USC&GS Hydrographer (1901)

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Hydrographer (1901)
USC&GS Hydrographer
History
Flag of the United States Coast and Geodetic Survey.svgUnited States
Name: Hydrographer
Namesake: Hydrographer, a practitioner of hydrography, the measurement of physical characteristics of waters and marginal land
Builder: James Reilly Supply Company, Port Jefferson, New York
Completed: 1901
In service: 1901
Out of service: 1917
In service: 1 April 1919
Out of service: 1928
Notes: Served as United States Navy patrol vessel USS Hydrographer (1901) 1917-1919
General characteristics
Type: Survey launch
Displacement: 146 tons
Length: 101 ft (31 m)
Beam: 19.5 ft (5.9 m)
Draft: 6.8 ft (2.1 m)
Speed: 10 knots

The first USC&GS Hydrographer was a survey launch that served in the United States Coast and Geodetic Survey from 1901 to 1917 and from 1919 to 1928.

Construction and acquisition[edit]

Hydrographer was built by the James Reilly Supply Company at Port Jefferson on Long Island, New York, in 1901, and entered service with the Coast and Geodetic Survey the same year.

Coast and Geodetic Survey service, 1901-1917[edit]

Hydrographer operated along the United States East Coast. In August 1912, she pulled the schooner Estrella off of a mud flat on which Estrella had grounded. On 8 February 1914, she assisted the United States Navy torpedo boat USS Foote (Torpedo Boat No. 3) off of a shoal in Pamlico Sound, North Carolina, then provided Foote with a navigator to assist her in transiting the sound and proceeding from Elizabeth City to Washington, North Carolina.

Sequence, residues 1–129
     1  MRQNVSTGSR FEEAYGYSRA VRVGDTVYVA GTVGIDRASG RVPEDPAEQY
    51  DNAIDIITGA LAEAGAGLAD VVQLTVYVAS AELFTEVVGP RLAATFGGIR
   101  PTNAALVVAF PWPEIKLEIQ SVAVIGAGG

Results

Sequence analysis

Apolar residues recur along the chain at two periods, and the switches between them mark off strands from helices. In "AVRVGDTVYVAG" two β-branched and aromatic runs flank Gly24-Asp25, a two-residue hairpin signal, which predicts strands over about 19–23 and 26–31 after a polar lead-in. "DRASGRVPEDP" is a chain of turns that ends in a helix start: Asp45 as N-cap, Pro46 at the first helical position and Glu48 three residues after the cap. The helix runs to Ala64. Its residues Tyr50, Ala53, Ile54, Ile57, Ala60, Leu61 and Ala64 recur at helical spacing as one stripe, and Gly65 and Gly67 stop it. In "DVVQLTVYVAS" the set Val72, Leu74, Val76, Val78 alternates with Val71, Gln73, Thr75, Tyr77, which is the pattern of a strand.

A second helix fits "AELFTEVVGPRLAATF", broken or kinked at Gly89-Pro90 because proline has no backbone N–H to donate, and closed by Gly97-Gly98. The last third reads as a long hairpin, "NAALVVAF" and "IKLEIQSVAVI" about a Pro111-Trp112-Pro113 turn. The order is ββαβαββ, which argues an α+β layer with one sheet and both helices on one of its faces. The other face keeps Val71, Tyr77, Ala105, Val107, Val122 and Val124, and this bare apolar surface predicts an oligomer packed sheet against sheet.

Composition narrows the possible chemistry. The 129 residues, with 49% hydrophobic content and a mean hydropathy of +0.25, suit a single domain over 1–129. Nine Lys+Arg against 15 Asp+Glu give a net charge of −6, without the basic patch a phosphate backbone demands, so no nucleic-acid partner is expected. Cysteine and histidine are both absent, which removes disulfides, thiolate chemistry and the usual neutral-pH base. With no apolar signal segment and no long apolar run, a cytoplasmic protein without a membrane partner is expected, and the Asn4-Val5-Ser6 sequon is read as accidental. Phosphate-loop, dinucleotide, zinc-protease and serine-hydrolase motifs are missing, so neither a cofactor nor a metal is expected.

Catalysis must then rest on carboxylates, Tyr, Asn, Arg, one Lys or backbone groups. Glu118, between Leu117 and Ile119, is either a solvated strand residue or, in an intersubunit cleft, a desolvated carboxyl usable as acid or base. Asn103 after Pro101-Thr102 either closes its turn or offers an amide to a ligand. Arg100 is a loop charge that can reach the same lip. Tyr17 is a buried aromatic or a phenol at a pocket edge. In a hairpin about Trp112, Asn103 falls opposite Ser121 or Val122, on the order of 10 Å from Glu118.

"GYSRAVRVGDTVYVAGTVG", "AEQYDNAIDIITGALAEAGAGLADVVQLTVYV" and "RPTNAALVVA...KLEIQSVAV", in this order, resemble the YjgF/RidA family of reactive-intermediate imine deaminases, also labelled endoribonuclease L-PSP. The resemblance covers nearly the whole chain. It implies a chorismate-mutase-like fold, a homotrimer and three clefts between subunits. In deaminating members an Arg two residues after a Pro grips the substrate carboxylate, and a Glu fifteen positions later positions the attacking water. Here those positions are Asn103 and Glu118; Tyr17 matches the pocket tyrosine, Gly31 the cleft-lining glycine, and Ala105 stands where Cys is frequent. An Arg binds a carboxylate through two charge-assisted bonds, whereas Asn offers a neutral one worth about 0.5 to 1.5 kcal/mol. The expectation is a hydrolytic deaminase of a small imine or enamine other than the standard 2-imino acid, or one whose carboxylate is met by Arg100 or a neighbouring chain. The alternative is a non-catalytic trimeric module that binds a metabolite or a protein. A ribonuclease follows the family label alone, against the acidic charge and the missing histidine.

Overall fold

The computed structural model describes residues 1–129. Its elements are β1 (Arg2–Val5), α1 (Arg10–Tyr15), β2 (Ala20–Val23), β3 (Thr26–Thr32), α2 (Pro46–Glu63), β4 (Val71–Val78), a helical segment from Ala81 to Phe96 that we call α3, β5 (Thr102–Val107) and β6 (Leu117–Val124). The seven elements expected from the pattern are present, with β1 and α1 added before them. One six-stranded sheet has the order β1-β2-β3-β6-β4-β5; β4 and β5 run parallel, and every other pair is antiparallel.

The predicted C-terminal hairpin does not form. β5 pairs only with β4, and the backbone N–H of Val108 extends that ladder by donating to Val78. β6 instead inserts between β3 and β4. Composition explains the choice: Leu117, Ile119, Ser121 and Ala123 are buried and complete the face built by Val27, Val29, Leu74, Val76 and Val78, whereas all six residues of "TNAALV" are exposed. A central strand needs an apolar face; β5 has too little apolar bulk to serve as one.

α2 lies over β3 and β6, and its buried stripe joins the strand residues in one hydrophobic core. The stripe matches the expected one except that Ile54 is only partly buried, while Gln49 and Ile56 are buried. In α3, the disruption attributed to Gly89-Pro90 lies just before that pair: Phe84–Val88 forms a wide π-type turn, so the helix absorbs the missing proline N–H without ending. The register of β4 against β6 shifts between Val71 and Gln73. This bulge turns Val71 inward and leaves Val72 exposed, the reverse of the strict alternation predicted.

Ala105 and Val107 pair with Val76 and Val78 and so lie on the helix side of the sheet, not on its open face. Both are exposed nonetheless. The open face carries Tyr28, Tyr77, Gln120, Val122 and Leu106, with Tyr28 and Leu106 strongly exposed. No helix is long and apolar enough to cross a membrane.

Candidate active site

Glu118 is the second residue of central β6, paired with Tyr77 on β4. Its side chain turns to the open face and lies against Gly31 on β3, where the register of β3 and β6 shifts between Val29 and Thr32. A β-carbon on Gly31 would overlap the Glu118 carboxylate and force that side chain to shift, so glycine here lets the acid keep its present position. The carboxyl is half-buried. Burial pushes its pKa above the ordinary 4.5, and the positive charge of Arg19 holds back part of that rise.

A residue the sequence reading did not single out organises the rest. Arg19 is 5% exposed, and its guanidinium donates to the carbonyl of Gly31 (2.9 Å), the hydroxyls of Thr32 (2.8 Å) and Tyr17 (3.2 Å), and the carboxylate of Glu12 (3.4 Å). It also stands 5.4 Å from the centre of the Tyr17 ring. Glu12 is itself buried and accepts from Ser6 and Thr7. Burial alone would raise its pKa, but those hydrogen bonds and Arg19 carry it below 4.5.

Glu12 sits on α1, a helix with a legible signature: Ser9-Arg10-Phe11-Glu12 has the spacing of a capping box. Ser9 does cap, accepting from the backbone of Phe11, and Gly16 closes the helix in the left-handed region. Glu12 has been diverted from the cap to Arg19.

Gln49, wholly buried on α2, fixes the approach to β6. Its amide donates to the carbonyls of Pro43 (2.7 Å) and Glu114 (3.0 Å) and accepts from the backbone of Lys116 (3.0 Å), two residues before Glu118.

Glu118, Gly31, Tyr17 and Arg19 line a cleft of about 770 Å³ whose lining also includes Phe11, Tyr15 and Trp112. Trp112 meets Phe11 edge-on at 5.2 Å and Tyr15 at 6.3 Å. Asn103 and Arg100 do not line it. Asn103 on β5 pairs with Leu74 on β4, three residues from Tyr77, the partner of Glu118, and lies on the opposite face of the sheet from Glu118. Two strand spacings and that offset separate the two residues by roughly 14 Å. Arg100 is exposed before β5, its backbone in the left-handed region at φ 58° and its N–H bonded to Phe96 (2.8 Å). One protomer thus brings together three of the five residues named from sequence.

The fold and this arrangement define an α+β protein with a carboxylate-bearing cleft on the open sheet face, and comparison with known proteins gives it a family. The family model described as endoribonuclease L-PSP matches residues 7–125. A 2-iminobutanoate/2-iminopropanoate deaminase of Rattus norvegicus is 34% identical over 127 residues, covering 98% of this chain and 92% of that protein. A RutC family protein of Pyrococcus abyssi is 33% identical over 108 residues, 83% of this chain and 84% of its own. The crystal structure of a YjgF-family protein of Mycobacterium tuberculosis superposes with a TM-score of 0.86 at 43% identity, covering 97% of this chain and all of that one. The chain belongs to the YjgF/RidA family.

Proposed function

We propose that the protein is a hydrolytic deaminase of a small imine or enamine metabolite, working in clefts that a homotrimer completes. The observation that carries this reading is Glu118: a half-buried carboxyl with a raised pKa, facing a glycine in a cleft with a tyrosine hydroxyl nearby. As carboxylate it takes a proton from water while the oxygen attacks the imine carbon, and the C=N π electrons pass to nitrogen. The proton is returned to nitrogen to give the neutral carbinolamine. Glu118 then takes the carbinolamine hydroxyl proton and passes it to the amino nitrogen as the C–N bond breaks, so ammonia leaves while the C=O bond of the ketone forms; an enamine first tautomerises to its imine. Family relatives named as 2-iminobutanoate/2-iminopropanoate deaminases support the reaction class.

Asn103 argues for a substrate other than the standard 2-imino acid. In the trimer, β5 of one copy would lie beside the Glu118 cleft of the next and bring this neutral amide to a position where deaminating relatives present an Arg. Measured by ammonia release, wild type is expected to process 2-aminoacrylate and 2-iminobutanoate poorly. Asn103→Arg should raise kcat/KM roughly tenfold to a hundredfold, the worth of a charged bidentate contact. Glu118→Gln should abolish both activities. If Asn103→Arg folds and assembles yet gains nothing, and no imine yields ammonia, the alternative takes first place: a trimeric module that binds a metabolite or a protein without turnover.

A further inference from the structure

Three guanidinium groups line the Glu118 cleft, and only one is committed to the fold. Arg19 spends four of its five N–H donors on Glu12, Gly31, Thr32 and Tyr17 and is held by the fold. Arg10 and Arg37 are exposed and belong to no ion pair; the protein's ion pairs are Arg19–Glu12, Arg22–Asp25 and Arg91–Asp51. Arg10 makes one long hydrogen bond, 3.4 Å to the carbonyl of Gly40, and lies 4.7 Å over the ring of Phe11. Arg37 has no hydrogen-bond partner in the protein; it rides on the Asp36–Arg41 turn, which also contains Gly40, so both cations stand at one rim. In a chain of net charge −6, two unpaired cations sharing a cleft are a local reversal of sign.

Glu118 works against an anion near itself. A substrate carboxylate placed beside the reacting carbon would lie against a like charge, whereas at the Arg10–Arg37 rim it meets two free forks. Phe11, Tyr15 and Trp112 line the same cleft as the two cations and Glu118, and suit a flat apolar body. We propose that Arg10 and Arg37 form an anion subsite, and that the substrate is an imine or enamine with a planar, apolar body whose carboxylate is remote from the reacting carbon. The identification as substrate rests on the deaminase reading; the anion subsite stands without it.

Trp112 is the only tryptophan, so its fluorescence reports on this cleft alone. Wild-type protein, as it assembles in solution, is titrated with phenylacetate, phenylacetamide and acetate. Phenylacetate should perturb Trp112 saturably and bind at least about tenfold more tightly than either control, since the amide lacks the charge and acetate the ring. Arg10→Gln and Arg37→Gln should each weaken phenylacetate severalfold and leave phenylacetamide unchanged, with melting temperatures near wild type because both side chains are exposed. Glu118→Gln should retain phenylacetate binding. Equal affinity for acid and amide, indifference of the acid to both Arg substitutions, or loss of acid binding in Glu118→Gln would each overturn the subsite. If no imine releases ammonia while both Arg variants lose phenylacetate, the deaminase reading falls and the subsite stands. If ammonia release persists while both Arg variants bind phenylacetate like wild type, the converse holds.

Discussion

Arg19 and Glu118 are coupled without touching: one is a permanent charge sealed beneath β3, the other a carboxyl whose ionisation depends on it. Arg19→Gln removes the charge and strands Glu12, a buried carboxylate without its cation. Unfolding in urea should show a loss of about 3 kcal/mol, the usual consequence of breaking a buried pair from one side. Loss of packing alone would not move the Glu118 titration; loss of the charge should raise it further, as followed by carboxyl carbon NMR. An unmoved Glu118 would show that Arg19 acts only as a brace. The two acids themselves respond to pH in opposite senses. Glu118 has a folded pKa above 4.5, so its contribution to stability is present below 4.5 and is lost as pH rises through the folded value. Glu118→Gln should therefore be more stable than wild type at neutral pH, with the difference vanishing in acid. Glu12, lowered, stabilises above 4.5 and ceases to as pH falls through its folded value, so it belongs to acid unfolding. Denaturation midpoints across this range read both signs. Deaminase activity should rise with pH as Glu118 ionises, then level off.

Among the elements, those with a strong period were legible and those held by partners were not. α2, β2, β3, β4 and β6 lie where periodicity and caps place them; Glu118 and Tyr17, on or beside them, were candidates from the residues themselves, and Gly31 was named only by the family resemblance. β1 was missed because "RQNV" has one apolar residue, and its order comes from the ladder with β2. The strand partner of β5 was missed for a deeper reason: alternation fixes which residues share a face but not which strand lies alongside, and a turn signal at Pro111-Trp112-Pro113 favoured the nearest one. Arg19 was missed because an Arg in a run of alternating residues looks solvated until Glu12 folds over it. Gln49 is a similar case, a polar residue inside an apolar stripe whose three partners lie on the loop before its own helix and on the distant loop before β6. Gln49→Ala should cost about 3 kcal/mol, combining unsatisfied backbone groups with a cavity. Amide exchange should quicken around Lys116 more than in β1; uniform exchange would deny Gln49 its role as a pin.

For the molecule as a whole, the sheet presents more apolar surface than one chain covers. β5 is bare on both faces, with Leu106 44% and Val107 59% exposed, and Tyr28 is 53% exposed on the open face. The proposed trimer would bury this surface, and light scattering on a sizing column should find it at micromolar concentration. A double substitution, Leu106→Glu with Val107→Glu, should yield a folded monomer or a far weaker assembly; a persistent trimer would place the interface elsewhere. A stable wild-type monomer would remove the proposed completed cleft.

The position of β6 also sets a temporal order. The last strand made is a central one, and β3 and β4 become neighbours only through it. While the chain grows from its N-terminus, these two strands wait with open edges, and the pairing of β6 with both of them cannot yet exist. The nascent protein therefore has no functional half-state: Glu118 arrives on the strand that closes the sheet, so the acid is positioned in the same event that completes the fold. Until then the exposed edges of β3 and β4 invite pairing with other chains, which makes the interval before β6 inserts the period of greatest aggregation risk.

U.S. Navy service, 1917-1919[edit]

In 1917, Hydrographer was transferred to the United States Navy for World War I service as the survey and patrol vessel USS Hydrographer.

Coast and Geodetic Survey service, 1919-1928[edit]

Transferred back to the Survey postwar on 1 April 1919, she resumed her East Coast duties. She was blown aground on 9 September 1919 during the 1919 Florida Keys Hurricane, but the actions of shipmate O. M. Straub saved her from significant damage.

On 16 February 1922, Hydrographer towed the gasoline-powered launch Edna G, which had been disabled in heavy seas, into port at Gulfport, Mississippi. She went to the assistance of the schooner W. J. Patterson, which was on fire off Sabine Pass, Texas, on 22 June 1923; her crew fought the fire for over three hours and she supplied a hose crew for the steamer S.S. Hudson, which also was assisting W. J. Patterson.

In May 1927, officers and crewmen of Hydrographer were detailed to Memphis, Tennessee, to assist victims of the 1927 Mississippi River flood.

Hydrographer was retired from Coast and Geodetic Survey service in 1928.

References[edit]